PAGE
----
TONEHOME - the World of Vintage Guitar Effect Pedals
TONEHOME - the World of Vintage Guitar Effect Pedals

Here's my shortlist of odd stuff (tbc)

mostly Shin-ei and Maxon made OEM pedals

Aria Diamond Wah-Fuzz

Aria Diamond Wah-Fuzz

Long before the US car industry started badge engineering (five different brands using the same platform, just putting their badge on the radiator grill) Shin-ei and other Japanese manufacturers of music gear invented this marketing approach. Accordingly this Aria Diamond Wah-Fuzz sports just another badge on the front, but in fact it is exactly the same as any Ibanez Standard Wau-Fuzz, ELK Wau Fuzz, Mica Wau Wau Fuzz & Co.

ELK Wau Fuzz

ELK Wau Fuzz

As stated above, this ELK Wau-Fuzz is just another "badge engineered" Wah-Fuzz made by Shin-ei or another OEM manufacturer of the 70s. Actually the Ibanez versions puts it straight by calling this thing "Standard Wau Fuzz", because this wah-fuzz combination became pretty much standard in the low cost segment throughout the western hemisphere.

Guyatone FS-5 Wah-Fuzz

Guyatone FS-5 Wah-Fuzz, 1970s

Just another OEM-version of the well known Ibanez Wau-Fuzz, most remarkable difference are the rectangular rubber pads (vs. the more common circulat ones on most of the other OEM pedals)

Luxor Wah-Fuzz

Luxor Wah-Fuzz

Again, this is just another mutant of the Japanese Wah-Fuzz deluge. But don't think too short: Though they all look the same, there are at least two completely different boards to be found inside - and even two with the same board hardly share the same components with exactly the same values. So it is no surprise that they can sound pretty different from each other.

 

Idiot I am, I have sold this one long ago. Wish I had it back. If you want to get rid of yours, just let me know...

Pax Pedal Number One (Wah-Fuzz)

Pax Pedal Number One, Japan late 1970s

Simply the coolest name I can imagine for a wah-fuzz pedal, though highly exaggerated since it may be your first but surely not your only pedal. In fact it does what all the other mutants like the Ibanez Standard Wau-Fuzz, Aria Diamond Wah-Fuzz, Mica Wau Wau Fuzz do as well - pairing an average wah wah with an unbelievably thick fuzz. But while the latter are equipped with a black coated housing, the PAX sports a shiny chrome plated enclosure. How cool is that...

Selmer  Wau Wau Fuzz

Selmer Wau Wau Fuzz, 1978

This version is pretty rare - a Selmer Wau Wau Fuzz from 1978. Like all my other versions it sports the WFP-1 board. Personally I have never seen a Maxon board but allegedly there are very few Maxon versions out there too.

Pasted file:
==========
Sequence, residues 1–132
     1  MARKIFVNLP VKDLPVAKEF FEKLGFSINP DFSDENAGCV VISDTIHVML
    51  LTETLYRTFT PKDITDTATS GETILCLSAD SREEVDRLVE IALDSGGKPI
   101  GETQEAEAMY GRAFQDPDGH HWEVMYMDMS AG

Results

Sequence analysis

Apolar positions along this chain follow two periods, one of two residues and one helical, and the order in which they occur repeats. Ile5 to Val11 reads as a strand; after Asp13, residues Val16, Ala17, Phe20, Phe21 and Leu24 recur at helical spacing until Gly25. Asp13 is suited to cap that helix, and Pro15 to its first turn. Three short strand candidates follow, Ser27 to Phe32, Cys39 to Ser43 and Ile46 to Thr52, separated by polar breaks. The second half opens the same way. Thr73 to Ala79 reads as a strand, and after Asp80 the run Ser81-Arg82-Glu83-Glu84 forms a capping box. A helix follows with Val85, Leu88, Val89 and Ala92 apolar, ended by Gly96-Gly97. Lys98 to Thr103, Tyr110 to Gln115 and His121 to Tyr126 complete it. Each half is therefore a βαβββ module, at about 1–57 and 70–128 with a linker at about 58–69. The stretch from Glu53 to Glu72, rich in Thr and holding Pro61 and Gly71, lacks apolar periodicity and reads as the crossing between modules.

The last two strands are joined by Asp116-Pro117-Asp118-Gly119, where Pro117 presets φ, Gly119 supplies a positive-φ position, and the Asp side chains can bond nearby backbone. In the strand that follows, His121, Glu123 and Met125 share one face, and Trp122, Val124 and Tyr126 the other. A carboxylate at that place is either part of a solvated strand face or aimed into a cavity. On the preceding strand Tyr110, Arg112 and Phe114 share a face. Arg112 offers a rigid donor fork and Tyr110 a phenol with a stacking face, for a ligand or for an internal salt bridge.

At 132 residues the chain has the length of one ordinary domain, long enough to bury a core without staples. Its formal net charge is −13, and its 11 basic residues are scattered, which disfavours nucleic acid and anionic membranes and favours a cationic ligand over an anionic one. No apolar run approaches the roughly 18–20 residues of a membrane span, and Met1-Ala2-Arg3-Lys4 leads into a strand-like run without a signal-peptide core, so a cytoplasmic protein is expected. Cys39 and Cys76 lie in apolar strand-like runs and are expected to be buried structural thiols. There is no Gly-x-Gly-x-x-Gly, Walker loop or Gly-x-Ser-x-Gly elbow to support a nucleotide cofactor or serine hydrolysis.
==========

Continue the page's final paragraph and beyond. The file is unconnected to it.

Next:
Wau Wau Fuzz (unbranded)

Wau Wau Fuzz (unbranded), Japan 1970s

What does a Wah-Fuzz a brand need for? This is the completely unbranded version called Wau Wau Fuzz.

Luxor Wah-Fuzz

Luxor Wah-Fuzz

This rare Luxor Wah-Fuzz is a completely different beast as the above mentioned - different board, more control knobs. It is most likely from the mid to late 1970s and according to some characteristics it seems to be a Shin-ei product. Similar units were available under the Aria Diamond brand. Luxor itself was a pure marketing brand, selling stuff from different manufacturers to European music traders (I do own a nice little 2x10" amp combo by the name of Luxor Junior 200). The Wah-Fuzz is not bad at all: A decent wah and a tranparent but nonetheless aggressive Fuzz.

The Dirt Box (Maxon OEM), made in Japan 1977

The Dirt Box (Maxon OEM), 1977

I suspect this was a Maxon OEM product for Sears Roebuck & Co, an American department store chain and home order company. The Dirt Box doesn't bear any brand name (only Maxon on the pcb) but a cryptic No. 15451 on the flanks what may indicate a Sears catalog order number - but I might as well be wrong.

There are two different graphic versions: v1 reads "Amplifer" on the left side of the enclosrue, v2 has the corrected term "Amplifier". The early version reads only "Made in Japan" on the bottom cover while v2 has "Pat. Pend." additionally. But the main difference is two completely different circuits. One is the well known Maxon D&S aka Ibanez OD-850 (pcb MP-D0501), a silicon trannies fuzz which is actually a Big Muff knock-off, the other is a Maxon D&SII aka Ibanez OD-855 (pcb MP-D0701), an op-amp powered distortion pedal. Interesting side note: My Dirt Box with op-ap circuit preceeds any Ibanez OD-855 I ever came across. What does that mean? I don't know... this pedal is a mystery.

SLM Auto Pan (Maxon OEM), made in Japan 1975

SLM Auto Pan, Japan 1976

This is an OEM version of the Maxon/Ibanez ST-800 Stereo Box, sold in the U.S. under the St. Louis Music Supply brand (SLM) and the PMS brand.

Sound Master SM-8 Rhythm 1

Sound Master SM-8 Rhythm 1

This is a hilarious anachronism: a fully analog "rhythm machine" with 8 different "settings" at a stomp of your foot. This nicely built little thing was available by different brand names as Univox, Memphis and Rozz. No idea about the year it was built, but it looks pretty much 70s.

Hillwood Fullroter FR-2

Hillwood Fullroter FR-2

This Hillwood Fullroter dates most likely from the mid 70s.  Among keyboarders this thing is said to be the best analog Leslie simulation available. Well, I don't know, but the good thing is: It works likewise with your axe. And it's fun to check out the loads of different swirls and sound mills in this tiny companion.

Hillwood Fullroter FR-2 manual
Hillwood_FR2_Fullroter_manual.pdf
PDF-Dokument [1.9 MB]

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02/15/2017: entire set of early Boss pedals for sale, all silver screw, mostly transparent switch, mostly boxed, many come with instructions too. For details please inquire: e-mail

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